In March, Overwatch fans found something surprising in the Numbani map's staging area, where players wait until the match begins. The typically pristine airport setting had become a warzone overnight. No explanation had been given. But all would be made clear with a new character reveal and rich backstory told outside of official gameplay.
There are two distinct Overwatch experiences. One is fueled by a love of the game's solid shooter mechanics, a laudable achievement from a company previously committed to strategy and role-playing games. The other is powered by the moments in between matches, the stories that are told about the characters outside of the game's limited narrative structure.
To many fans, Overwatch isn't just about what or how you play — it's about the colorful stories being told behind the scenes. Blizzard's done an incredible job of injecting fascinating stories into a game without any sort of traditional campaign mode, setting a new standard for the entire industry to follow.
Overwatch and the power of subtle storytelling
There's always been a subtlety to the way that Overwatch approaches its narrative. Right from the beginning, Blizzard was careful not to reveal too much too soon. When the announcement trailer dropped during BlizzCon 2014, it was hard not to immediately fall in love with Overwatch's charm. So much about the game's cast of characters was mysterious, left to the imagination and the promise of more. Just a taste.
One of Overwatch's many strengths is how expertly the story is teased out. There's no single player campaign to explore. There are no story-specific modes, outside of special events like Uprising and Halloween Terror.
Blizzard has crafted some of the best stories in gaming. So it's no big surprise that Overwatch had narrative bubbling up around the edges. We just didn't expect to see it surface offline through a mixture of animated shorts, online comics and subtle voice lines.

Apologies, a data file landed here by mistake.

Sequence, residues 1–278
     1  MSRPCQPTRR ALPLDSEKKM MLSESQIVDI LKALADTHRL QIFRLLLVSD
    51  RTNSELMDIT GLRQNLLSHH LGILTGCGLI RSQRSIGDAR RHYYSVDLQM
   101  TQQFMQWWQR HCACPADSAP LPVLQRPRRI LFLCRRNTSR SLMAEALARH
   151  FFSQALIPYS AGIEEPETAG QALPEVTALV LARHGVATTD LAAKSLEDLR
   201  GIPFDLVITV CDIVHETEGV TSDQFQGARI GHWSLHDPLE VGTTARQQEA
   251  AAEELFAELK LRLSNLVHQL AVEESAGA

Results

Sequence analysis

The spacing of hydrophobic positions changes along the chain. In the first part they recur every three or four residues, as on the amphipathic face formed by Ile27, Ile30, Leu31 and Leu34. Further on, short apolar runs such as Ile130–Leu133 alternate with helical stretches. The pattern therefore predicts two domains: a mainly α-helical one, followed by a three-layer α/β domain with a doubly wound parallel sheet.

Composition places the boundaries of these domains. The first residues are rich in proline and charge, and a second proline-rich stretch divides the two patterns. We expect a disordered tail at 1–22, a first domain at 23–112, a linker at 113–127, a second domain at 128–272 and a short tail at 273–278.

Bungie tried something similar with Destiny before rolling out the Taken King expansion, opting to get out of its own way and make room for faster gameplay. Unfortunately, in this case, it didn't really work.
By hiding its story in Grimoire cards, Bungie created a fractured, disjointed game that didn't make a whole lot of sense. Destiny's implicit storytelling failed because the game needed an explicit narrative to convince you it's worth grinding through the "Prison of Elders" for hours on end. When the Taken King expansion came out nearly two years after the original beta, it introduced explicit storytelling — and ditched the Dinklebot — bringing back the Bungie spark that had been missing all along.
How Overwatch gets it right
Where Bungie stumbled, Blizzard excels. That's particularly impressive when it comes to Overwatch, a totally new franchise that couldn't rely on brand familiarity to succeed.
There's nowhere to hide when you're crafting a brand-new world — it lives and dies on its own. Instead of ignoring story entirely, Overwatch leaned heavy on the one thing that everyone knows Blizzard does well: cinematics.